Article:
Monday, April 1, 2019
Memories of our Italian adventure are still fond, fresh and sweet
Eighteen years ago, I fulfilled a life-long dream when I took a leave of absence from teaching high school journalism and graphic design to teach 5th grade for a year in Padova, Italy. My wife willingly and cheerfully joined the adventure. My two teen daughters, still in the stages of discovering themselves, acquiesced, but with mixed feelings. They cried and begged to be left in the States with friends, but we insisted they participate. Friends told us they would thank us later, but I can’t say we didn’t have doubts along the way.
We met bureaucratic, logistic and financial obstacles, but somehow we found our way through or around them all. We struggled, laughed and cried together. We got lost countless times and made plenty of other mistakes. We learned to compromise, share, adapt and adjust, to stretch ourselves and face our fears of the unknown. Eventually, I wrote a book about our experiences: An American Family in Italy: Living la Dolce Vita without Permission.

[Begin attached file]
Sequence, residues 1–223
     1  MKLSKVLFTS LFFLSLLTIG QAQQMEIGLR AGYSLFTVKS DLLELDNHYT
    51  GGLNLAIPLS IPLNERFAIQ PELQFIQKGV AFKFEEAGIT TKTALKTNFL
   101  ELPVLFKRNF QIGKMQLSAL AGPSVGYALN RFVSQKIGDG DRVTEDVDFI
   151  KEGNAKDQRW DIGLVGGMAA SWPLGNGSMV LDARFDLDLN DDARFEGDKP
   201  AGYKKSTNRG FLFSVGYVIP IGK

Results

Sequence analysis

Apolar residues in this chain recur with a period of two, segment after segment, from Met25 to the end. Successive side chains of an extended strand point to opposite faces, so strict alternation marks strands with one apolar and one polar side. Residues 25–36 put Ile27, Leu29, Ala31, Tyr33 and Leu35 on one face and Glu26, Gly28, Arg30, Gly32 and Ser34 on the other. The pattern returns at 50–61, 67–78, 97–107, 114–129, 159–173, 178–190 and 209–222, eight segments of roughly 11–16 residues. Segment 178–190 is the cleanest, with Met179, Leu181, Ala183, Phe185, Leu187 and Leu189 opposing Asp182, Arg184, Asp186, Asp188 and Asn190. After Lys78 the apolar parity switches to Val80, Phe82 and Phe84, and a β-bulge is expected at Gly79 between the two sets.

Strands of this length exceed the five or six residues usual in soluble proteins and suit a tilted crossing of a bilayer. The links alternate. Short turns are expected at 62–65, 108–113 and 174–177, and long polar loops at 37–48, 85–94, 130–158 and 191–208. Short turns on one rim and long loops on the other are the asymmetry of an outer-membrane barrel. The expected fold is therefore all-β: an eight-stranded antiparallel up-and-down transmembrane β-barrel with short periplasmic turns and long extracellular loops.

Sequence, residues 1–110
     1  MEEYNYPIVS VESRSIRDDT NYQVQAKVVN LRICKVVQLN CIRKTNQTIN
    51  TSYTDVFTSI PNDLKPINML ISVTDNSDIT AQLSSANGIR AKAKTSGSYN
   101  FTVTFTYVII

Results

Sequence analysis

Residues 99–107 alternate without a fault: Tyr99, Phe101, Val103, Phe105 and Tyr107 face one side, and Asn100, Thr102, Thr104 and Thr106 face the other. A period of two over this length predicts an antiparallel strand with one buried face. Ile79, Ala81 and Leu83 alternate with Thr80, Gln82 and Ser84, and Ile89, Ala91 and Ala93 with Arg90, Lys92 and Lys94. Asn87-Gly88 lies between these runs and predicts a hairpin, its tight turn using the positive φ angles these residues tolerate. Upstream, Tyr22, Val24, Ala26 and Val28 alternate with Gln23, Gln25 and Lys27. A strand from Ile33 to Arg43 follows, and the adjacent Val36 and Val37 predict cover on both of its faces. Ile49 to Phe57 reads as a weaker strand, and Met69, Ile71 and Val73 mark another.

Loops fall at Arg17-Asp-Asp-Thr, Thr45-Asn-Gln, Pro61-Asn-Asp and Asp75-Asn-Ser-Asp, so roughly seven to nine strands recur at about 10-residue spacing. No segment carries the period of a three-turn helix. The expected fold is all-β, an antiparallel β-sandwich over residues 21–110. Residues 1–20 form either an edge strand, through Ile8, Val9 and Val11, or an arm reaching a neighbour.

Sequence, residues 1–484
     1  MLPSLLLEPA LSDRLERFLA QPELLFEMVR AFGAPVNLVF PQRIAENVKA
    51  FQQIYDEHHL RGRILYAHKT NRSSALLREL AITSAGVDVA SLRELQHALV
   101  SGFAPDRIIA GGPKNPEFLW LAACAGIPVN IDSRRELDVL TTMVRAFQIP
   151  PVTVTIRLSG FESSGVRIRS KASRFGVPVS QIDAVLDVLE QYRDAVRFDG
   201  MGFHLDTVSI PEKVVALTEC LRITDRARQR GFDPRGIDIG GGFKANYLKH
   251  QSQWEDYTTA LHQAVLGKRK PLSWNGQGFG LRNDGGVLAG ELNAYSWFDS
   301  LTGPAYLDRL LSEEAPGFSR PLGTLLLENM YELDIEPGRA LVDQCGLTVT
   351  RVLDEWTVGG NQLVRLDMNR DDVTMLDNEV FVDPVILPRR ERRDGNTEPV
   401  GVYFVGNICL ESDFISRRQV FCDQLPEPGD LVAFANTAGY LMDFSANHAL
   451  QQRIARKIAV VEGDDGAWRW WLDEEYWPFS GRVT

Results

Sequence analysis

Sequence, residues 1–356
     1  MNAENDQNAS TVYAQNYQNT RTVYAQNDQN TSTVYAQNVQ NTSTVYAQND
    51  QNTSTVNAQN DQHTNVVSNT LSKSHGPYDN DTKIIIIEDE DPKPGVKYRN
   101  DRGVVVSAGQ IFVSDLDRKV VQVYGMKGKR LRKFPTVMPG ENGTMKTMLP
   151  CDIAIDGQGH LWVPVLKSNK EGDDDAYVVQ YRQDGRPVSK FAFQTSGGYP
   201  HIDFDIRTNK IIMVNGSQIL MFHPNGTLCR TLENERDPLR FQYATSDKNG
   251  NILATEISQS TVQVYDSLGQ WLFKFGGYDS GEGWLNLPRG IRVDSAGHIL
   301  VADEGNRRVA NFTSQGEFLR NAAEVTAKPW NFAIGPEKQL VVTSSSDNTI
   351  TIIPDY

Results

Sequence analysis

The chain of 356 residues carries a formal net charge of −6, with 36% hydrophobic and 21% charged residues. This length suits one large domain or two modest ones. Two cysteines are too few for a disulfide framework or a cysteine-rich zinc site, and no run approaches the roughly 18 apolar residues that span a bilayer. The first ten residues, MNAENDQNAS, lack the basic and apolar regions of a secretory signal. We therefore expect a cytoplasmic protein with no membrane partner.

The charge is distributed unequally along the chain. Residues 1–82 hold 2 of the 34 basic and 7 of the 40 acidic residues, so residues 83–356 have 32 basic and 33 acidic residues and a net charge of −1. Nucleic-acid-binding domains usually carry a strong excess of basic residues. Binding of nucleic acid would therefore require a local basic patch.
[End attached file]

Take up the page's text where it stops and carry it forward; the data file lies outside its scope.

Lucy and I have returned to Italy for shorter stays many times since, and in 2015 we bought a home in Montecarlo, near Lucca. Daughters Suzye and Lindsey have also made short trips back, but until recently, never at the same time. This spring, we decided to help them come together, and they joined us in Tuscany for nine days of the sweet life. We dined with friends and relatives, lounged in the thermals baths of Saturnia and explored medieval cities together. Mostly, we just enjoyed each other’s company, creating new memories and reminiscing about our previous adventures.
The struggles, angst and mini-rebellions they experienced as teenagers are far in the past. They are mature, compassionate adults with successful careers, and we loved every minute of their too-short visit. A highlight of our shared time came on the last day, when we re-created the cover illustration of our book, this time using the Fortezza of Montecarlo as the backdrop. Suzye, Lindsey and Lucy have changed little in appearance. Though my gray hairs provide mute evidence that 18 years have passed, the memories are still fond, fresh and sweet.